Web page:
That may be the ultimate test of quality because if you write a better widget than the current one, it will probably get adopted by the open source community. Then again, if somebody else writes an even better one, your code is booted out. But few of us are altruistic enough to donate our labour for the public good. So our skills never get tested in this kind of software quality crucible.

For the rest of us, the concept of professionalism is being driven by organizations like the Association for Computing Machinery (, the world’s largest association of computer professionals, and our own Canadian Information Processing Society ( which has tirelessly advocated for higher standards of professionalism in computing. Over a decade ago, CIPS introduced the Information Systems Professional of Canada (ISP.) and the French version, the IPA. Holding this designation doesn’t mean you’ll never write bad code, but it does demonstrate a standard of relevant education and experience, along with adherence to a Code of Ethics. Over 1,700 Canadians now hold an ISP., and all applicants are rigorously assessed. Perhaps most importantly, ISP. holders are required to keep their knowledge current, through the completion of 300 hours of professional training every three years.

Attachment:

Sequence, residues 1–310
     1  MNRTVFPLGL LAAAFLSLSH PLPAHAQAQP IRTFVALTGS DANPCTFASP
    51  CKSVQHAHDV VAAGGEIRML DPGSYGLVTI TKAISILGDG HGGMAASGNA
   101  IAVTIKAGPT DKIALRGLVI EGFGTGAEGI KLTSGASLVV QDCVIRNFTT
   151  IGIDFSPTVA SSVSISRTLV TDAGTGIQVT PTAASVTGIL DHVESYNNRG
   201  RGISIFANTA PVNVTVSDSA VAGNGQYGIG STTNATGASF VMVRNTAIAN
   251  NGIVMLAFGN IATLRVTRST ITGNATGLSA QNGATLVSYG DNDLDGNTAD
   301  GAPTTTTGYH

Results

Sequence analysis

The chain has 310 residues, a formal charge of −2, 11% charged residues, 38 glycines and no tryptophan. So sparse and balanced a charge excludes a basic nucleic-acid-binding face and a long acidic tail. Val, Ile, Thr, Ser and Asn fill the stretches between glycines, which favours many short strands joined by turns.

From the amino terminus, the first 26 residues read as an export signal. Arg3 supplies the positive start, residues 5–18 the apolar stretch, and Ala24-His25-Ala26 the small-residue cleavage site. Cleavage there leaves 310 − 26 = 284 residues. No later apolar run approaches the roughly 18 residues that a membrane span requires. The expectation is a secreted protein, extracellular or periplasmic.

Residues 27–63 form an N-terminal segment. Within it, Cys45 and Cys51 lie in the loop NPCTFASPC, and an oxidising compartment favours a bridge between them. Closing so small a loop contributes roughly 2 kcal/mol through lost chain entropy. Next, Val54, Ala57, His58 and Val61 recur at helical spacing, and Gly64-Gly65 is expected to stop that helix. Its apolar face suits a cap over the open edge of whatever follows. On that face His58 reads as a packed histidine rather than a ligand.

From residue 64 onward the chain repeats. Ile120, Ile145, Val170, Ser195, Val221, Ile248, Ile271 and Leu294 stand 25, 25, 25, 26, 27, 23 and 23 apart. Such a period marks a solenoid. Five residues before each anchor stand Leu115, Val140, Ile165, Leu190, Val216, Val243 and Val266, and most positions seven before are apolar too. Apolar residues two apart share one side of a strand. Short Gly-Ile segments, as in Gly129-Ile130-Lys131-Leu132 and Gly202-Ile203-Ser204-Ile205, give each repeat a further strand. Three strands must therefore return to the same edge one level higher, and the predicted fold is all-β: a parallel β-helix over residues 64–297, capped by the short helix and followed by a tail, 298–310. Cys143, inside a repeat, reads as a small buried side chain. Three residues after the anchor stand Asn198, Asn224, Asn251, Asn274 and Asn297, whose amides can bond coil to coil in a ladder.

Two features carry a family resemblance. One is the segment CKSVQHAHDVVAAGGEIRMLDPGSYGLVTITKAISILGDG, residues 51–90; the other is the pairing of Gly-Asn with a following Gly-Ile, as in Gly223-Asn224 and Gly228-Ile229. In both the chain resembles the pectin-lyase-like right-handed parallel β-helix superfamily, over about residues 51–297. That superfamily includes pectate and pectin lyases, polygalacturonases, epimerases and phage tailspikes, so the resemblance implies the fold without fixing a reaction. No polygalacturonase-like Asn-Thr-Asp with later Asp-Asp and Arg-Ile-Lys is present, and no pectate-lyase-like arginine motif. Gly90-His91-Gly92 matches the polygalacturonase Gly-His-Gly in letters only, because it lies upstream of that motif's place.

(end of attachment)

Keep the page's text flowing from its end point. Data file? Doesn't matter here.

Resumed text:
As I got off that elevator musing about the TSE’s problems, I concluded that they’ll eventually sort it out, and hey, it is nice to be able to read the news on an elevator screen. But I couldn’t shake one thought out of my head. Who wrote the software that controls the elevator?

Dr. Keenan, ISP, is Dean of the Faculty of Continuing Education at the University of Calgary and teaches a course called Hot Issues in Computer Security.